Knight News Challenge

The Knight News Challenge accelerates media innovation by funding breakthrough ideas in news and information. Winners receive a share of $5 million in funding and support from Knight’s network of influential peers and advisors to help advance their ideas. The first round of 2013, which opens in February, will invite innovators from all disciplines to focus on tools for open government. In 2012, three challenge rounds, each focused on an emerging trend, drew more than 2,500 entries.

Challenge 1 - on NETWORKS: Winners were announced June 18.

Challenge 2 - on DATA: Winners were announced Sept. 20.

Challenge 3 – on MOBILE: Winners were announced Jan. 17.

Anyone, anywhere can apply for the challenge - whether for-profit start-ups or non-profit ventures. For more information on a variety of topics - from guidelines for for-profits, on intellectual property licensing, open source software and more - visit our FAQ.

CityStatus brings place-based city data to citizens’ fingertips

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1. What is your project? [1 sentence]

CityStatus provides citizens access to critical government data about places, when and where it’s most relevant: at the site itself, from a mobile phone — effectively eliminating the need to spend hours on the phone or at City Hall wading through paperwork.

2. How will your project use mobile tools and approaches? [2 sentences]

As 2012 Code for America fellows, we created a tool, BlightStatus, that leverages the types of technologies already in people’s hands and provides data about properties that would otherwise be inaccessible on a mobile phone.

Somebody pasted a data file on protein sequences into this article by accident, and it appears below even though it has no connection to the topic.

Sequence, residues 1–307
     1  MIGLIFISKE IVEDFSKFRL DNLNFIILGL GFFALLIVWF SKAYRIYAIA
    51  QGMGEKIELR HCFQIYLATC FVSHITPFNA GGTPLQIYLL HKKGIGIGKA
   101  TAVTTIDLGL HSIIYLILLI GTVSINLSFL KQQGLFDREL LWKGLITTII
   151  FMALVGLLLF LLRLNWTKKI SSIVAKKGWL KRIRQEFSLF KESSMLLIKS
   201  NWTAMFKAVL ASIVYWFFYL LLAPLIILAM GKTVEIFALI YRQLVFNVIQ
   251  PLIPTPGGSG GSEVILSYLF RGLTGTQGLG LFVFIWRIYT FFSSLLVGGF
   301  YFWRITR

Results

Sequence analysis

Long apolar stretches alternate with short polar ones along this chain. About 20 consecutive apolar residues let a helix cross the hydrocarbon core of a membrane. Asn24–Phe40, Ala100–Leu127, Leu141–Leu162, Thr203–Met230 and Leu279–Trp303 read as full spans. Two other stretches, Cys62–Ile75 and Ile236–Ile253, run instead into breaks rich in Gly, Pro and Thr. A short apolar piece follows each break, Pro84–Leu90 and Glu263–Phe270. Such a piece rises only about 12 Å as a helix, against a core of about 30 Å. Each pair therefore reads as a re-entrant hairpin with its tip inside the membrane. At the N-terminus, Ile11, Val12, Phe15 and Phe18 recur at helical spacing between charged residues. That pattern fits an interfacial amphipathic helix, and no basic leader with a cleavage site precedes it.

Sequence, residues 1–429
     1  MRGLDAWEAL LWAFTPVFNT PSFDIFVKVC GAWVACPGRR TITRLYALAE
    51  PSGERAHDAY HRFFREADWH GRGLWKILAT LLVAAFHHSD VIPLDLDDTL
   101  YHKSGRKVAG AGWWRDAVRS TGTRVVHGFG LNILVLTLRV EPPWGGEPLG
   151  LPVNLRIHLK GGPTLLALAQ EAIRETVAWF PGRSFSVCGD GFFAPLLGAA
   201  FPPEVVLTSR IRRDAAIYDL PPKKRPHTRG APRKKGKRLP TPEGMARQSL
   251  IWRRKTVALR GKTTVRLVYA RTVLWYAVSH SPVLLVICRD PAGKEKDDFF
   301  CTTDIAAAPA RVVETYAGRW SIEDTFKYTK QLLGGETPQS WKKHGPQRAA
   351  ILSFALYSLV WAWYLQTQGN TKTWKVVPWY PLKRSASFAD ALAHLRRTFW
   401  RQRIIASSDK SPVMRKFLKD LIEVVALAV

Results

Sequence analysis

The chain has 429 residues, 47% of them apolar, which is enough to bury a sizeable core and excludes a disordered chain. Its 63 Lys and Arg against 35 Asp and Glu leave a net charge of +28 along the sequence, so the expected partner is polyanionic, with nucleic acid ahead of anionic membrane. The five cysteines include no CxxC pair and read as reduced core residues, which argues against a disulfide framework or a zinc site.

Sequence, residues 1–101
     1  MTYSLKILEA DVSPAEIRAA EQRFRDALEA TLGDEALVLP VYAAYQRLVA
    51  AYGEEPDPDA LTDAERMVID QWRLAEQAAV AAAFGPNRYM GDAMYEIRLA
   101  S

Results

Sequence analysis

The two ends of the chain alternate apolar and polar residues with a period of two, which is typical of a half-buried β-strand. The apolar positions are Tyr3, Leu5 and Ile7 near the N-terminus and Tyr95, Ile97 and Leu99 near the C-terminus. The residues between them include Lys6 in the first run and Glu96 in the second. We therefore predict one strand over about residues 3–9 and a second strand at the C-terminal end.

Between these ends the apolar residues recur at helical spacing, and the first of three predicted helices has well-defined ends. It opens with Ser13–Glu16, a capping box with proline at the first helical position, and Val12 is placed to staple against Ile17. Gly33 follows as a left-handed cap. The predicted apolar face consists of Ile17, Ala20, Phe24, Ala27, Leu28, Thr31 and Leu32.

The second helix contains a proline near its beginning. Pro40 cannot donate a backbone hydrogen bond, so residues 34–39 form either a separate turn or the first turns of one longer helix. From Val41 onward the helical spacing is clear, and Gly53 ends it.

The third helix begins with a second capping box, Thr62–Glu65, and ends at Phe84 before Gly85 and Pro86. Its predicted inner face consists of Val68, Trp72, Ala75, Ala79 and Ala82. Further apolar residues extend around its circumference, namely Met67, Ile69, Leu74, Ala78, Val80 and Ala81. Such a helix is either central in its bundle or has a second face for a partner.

As we begin to scale this project into CityStatus, we will incorporate GPS capability and seamless integration with existing social networks so that citizens can quickly and easily access and share official, location-specific information whether at home or outdoors, establishing meaningful connections between citizens, governments, and their cities.

3. Who will use it and why? [1 sentence]

CityStatus is designed for city staff, neighborhood groups, nonprofits, and individual citizens who need accessible, accurate, and complete information about location-specific, government-held data so that they can make informed choices about their homes, businesses, constituents, or neighborhoods.

4. Please list three ways they would learn about your project.